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11 April 2010

Living on Cortes Island as a City Slicker


Living on Cortes Island as a City Slicker
The South Easterly winds are blowing, the BC Ferries are not running, we still have power.
The Robbins are busy finding worms and insects on the freshly mowed front yard. The Robbins in the back yard are larger and fatter. Bigger worms, better grass? Do Robbins hear the worms moving under the ground? They listen, find and pick. This is early April 2010.




Remoteness brings challenges to modern living. If the electricity from BC Hydro is down because of the windstorms, computers and eventually phones will no longer work. We carry buckets of water from the creek into the house to flush the toilets, because the water pump and pressuring system does no longer work. The Italian coffee machine is silent. Even the auger for the pellet wood stove needs power, and the stove gets cold and powerless.

We actually have to talk and entertain ourselves without all the electronic gadgets and machines. Not easy, but fun. What are you thinking? Do you want a cup of tea?



Cortes Island

Cortes, an island in the Strait of Georgia, the Salish Sea, between Vancouver Island and the Mainland of British Columbia, right at the entrance of Desolation Sound is part of the Discovery Islands.




Cortes is approximately 25 km long and 13 km wide. Most people live on the Southern half of the island. The Northern half has no roads and is by water access only. About a 1000 people live permanently on the island, in summer it is probably more like 2000. A very colourful group of people: First Nations people, old timers, business people, permanent half year people, retired Hippies, cool and hottie young people, summer residents, recluses, sailors, fishermen, Oyster pickers, organic farmers, Artists, the free spirited and the retired Type A.



Cortes Island was named after Spanish explorers and mapped in the late 1700 by Valdez.


The Klahoose First Nation people live in Squirrel Cove. They relocated to that location from their traditional village in Toba Inlet.
The Klahoose are part of, with their neighbours the Sliammon, Homalco, whose territory is on the mainland and K'omoks, the larger grouping of the Comox people, which is a subgroup of the Coast Salish. Their ancestral tongue is the Comox language.


In the 1800 the miners and the loggers came, and later the optimistic homesteaders.
Bc Ferry service only arrived in 1969, and electric power in 1970.

A large Bald Eagle is circling high above Smelt Bay. Looking for fish, small birds, or just going for a fly-by? Just yesterday a Bald Eagle was devouring its prey on the water's edge  at low tide. The prey was so heavy, the eagle could not lift off and fly back to its nest. Eventually the eagles' mate arrived and helped eating the fish for a long time, while its mate kept guard.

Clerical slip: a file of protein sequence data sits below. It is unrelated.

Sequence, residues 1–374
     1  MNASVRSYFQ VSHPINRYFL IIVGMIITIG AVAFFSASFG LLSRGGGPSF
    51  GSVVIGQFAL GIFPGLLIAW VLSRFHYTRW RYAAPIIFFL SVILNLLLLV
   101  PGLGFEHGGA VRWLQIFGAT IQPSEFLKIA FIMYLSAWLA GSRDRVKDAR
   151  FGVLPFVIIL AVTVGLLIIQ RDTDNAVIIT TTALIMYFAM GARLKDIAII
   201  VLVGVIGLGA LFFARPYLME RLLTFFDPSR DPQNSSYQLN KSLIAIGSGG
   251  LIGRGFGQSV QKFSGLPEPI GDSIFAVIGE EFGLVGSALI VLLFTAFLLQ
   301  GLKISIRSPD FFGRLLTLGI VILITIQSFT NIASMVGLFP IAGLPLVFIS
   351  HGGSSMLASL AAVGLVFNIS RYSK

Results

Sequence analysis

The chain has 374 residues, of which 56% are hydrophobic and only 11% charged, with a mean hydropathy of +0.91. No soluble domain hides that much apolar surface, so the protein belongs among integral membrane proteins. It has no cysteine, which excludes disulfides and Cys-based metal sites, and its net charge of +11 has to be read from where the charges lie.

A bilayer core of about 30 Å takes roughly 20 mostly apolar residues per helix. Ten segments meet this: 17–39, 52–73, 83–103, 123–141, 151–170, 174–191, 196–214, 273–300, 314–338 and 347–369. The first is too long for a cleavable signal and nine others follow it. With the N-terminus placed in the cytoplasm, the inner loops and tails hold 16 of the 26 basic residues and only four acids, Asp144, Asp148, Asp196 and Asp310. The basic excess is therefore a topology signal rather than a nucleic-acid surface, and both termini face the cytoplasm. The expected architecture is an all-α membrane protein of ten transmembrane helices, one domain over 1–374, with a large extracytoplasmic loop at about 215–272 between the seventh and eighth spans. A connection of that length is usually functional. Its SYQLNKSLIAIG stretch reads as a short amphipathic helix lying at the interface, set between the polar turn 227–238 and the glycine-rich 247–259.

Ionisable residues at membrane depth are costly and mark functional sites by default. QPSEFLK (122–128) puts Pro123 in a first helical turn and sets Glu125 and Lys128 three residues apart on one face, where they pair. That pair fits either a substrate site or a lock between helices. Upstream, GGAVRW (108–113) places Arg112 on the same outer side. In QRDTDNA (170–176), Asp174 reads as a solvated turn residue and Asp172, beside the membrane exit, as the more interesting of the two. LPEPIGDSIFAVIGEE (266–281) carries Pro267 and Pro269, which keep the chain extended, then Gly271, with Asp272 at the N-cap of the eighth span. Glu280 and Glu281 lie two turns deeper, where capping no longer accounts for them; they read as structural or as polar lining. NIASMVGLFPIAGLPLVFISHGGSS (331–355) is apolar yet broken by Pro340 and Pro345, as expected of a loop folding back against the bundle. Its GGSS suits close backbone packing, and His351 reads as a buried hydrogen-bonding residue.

How often do eagles eat? According to some research, they could go for a few days without food. They have storage sacks, crops on the side of their neck. They also are regurgitating their food.
Often I see one of the Bald Eagles land on the treetop close to our home. They just sit there and observe the water. Patiently they hunt by playing a waiting game. They spend most of their time perched in trees. They use their exceptional eyesight to scan for food. From its viewpoint, a Bald Eagle can see a surfacing fish from more than a kilometre away.


The other day we heard a great racket. Crows were chasing a Bald Eagle: guess what he carried away in his talons? The crows protested and were not impressed about the thief who stole their hard earned food.










Woodpeckers chisel out square holes on trees. Do they use the holes as their nesting grounds?





These are probably cavities of Pilated Woodpeckers. These birds are almost as large as crows, mostly black with a distinguished red head. They are the largest woodpeckers in North America. They love carpenter ants living in timber, and stumps.














 

 We can see these very graphic looking rectangular cavities all along Smelt Bay Park. Apparently these Woodpeckers use their enormously long, sticky tongue to reach the ants inside the cavities. These cavities are just for food supplies and would not be large enough to be where they make their nests.










It was a dark and stormy night......
4:30 am, I jump out of bed. The house rumbles, there was a big bang outside, the rain is pounding the sliding door of our bedroom, the deck chairs are sliding and bouncing in the wind, the Westerly winds are howling, but the stars are quietly glowing in the night sky. Another storm is hitting Cortes, this time from the West. Uneasy sleep – tossing and turning – my thoughts are calming me down: don't worry our home is as sturdy as it gets.

7:00 am, coffee time. Wow, the storm is still raging, but we did not loose power. The world out there looks wonderful: white caps, waves, snow covered mountains on Vancouver Island, sunshine, and the water taxi rushing into Manson's' Landing along Marina Island. Amazing how different the storm looks now. That calls for a second cup of coffee.

1 comment:

  1. I have just run across your site and article. Thank you. As a city slicker for years and now mid Island myself and husband, thinking of more remote, simpler. Good to hear anything we can from those who have choosen this lifestyle. L.

    ReplyDelete